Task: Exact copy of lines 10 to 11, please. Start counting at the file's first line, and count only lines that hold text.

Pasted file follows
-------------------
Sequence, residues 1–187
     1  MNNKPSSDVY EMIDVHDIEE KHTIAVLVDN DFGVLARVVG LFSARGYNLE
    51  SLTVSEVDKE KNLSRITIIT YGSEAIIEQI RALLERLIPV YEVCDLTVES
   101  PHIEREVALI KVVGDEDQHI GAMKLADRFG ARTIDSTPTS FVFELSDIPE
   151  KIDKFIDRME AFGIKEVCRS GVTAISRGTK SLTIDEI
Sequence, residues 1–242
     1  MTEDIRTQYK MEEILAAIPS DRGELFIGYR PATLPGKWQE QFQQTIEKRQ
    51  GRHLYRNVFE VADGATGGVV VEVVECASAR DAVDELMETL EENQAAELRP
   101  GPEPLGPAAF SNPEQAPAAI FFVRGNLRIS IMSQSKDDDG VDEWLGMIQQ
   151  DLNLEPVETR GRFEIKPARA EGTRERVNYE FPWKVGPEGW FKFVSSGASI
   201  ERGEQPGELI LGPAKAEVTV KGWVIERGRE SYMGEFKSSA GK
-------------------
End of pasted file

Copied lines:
   151  DLNLEPVETR GRFEIKPARA EGTRERVNYE FPWKVGPEGW FKFVSSGASI
   201  ERGEQPGELI LGPAKAEVTV KGWVIERGRE SYMGEFKSSA GK